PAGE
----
Today, we're going to take a look at how water ionizers work and what each individual ionizer part does. If you're someone who's interested in getting an ionizer, or if you already own one and are eager to know how it all works, you've come to the right place. So, let's dig in.
What does a Water Ionizer do?
A water ionizer is a machine that uses the chemical process of electrolysis to produce alkaline or ionized water.
Now let's take a look at the important components of a water ionizer
Water Ionizer: The Plates
Water ionizer plates are the most important components in the ionizer and are generally platinum-coated titanium plates. When the ionizer is working, these plates come into action, and with the help of an electric current, water is separated into acidic and alkaline streams.
There are 3 different types of plates and manufacturers have their own preference on what type to use in their ionizer machines. So, let's take a look at these plates.
1. Solid Plates
Solid plates are an older technology and are not used much nowadays. They are known for their durability but not so much for their efficiency. Solid plates don't conduct electricity as well as newer plate designs and hence ionizers using solid plates should be avoided.
2. Mesh Plates
These plates conduct much more current than solid plates because of their large surface area. The mesh structure improves the plate’s electrical conductivity and increases the overall efficiency of a water ionizer. However, the mesh design makes these plates weaker and less durable.
3. Solid/Mesh Hybrid Plates
These plates are a combination of solid/mesh technology. They offer the electrical conductivity of mesh plates and the durability of solid plates. Water ionizers using hybrid plates are a bit expensive and only a few companies make these ionizers. Water Ionizers using Solid/Mesh Hybrid plates are more efficient and powerful than other ionizers.
Water Ionizer: Filters
Drinking ionized water is not going to benefit a person if it has impurities or harmful microorganisms that may be bad for health. Therefore, it's important for a water ionizer to have water filters. Most good water ionizers always have a filtration system in place.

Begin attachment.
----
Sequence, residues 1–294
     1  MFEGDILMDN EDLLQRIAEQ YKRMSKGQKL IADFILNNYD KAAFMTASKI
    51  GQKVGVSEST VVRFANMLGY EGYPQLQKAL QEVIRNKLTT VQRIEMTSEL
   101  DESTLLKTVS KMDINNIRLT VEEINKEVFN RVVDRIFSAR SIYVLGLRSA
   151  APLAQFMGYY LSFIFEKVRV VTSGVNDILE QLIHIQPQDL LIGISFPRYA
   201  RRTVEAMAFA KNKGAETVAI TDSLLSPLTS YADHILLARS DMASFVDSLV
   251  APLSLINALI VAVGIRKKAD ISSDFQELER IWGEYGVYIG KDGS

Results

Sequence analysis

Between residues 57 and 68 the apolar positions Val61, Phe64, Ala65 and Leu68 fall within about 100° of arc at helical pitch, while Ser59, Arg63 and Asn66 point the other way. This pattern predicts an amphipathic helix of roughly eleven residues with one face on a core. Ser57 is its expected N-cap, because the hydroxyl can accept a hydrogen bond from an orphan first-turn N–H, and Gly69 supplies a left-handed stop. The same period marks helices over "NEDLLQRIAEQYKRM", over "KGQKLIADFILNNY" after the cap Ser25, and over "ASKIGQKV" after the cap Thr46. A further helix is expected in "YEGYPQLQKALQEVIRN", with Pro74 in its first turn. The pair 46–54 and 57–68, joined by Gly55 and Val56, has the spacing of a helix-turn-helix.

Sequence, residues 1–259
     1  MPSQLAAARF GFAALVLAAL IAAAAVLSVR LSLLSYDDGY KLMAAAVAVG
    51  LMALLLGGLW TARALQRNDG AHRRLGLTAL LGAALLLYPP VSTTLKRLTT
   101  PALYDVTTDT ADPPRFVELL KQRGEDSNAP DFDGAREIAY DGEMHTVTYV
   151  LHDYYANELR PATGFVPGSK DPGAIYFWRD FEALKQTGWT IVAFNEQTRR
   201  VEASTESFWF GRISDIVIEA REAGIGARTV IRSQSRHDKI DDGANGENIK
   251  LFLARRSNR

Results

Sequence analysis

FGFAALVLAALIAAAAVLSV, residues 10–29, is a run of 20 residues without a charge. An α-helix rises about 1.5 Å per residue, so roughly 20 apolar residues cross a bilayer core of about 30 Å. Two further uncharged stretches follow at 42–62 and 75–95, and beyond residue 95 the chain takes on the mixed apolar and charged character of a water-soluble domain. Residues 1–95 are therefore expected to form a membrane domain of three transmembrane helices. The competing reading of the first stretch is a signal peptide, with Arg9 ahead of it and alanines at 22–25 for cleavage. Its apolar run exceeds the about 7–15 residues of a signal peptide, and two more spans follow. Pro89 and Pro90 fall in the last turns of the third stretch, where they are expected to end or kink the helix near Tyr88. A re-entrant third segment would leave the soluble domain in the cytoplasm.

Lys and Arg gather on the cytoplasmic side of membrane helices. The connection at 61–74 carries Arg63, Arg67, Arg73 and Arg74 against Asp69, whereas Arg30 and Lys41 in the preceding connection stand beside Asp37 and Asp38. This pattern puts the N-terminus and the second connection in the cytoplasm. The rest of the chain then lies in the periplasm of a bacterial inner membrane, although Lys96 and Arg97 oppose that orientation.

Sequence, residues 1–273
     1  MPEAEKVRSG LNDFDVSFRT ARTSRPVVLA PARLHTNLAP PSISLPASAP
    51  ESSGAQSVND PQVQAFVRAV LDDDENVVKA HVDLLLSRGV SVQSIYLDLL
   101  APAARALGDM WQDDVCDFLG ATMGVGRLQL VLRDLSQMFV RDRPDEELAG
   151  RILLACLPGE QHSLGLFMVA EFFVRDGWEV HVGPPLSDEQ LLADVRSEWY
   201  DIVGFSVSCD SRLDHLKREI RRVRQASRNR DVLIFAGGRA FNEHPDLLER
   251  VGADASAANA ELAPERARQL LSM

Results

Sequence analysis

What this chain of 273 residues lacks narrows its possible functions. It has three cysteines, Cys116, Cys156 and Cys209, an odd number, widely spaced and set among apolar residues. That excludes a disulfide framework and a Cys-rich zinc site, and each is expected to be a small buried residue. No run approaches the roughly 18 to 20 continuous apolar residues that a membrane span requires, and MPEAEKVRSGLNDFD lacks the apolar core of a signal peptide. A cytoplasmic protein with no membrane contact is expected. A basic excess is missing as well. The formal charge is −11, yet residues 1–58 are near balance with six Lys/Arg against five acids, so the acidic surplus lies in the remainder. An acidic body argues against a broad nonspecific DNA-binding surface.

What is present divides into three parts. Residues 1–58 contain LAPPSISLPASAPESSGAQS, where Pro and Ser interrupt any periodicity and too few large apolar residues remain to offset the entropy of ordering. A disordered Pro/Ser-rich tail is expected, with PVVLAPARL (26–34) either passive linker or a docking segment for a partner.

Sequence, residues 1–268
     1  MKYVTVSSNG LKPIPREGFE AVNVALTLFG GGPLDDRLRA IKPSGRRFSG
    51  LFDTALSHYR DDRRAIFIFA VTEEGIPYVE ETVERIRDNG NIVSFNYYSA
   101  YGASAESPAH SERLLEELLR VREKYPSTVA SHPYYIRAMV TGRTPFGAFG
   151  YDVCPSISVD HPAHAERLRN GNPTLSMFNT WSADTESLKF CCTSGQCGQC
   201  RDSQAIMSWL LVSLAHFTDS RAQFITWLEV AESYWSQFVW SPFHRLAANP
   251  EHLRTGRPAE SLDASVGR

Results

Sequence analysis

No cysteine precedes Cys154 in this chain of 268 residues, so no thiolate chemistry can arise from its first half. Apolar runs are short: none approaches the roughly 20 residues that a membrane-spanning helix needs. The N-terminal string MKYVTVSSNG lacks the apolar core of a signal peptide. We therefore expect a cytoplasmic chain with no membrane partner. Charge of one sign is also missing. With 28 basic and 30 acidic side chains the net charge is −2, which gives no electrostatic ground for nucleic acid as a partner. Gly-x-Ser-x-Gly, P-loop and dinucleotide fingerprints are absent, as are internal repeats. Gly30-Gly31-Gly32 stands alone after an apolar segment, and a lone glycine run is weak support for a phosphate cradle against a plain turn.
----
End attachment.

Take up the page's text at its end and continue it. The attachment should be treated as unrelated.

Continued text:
When water flows through an ionizer it first passes through the filters. Water ionizers may have a single or dual filtration system. A dual filtration system is preferred because it performs a better job in purifying water than a single filter system.
Filters can be made up of different materials but the preferred choice should be filters having a size of 0.01 micron. These filters are very powerful and can filter out harmful chemicals like chlorine, herbicides, pesticides and much more. This is the same filtration standard used in kidney dialysis machines.
Some ionizers use ceramic filters which are very effective in removing bacteria and other microbes that may pose danger to humans.
Filters are required to be replaced after a specific time period or when they wear out. A quality water ionizer will let you know when it’s time to change your filters.
Water Ionizer: Computerized Control Systems
Water ionizers are very modern machines and high-quality ionizers have computerized control systems, which allow users to adjust their water settings. For example, although pH settings are set at the factory, not all source water is the same, so it’s important to have these controls in order to adjust the pH values of your water. It also offers other features depending on the manufacturer and model.
For example, the Tyent ACE-13 ionizer has features like an LCD control panel, voice announcements and a proximity sensor that allows starting water flow by just placing a hand or finger over the ionizer without touching it.
I hope that this article helped and you learned a little something new about how ionizers work. Do you own a water ionizer? If you do, feel free to leave a comment and let us know. If you don’t, please let us know if you have any specific questions that we can answer for you to help make your decision on which water ionizer to buy a bit easier. Thanks!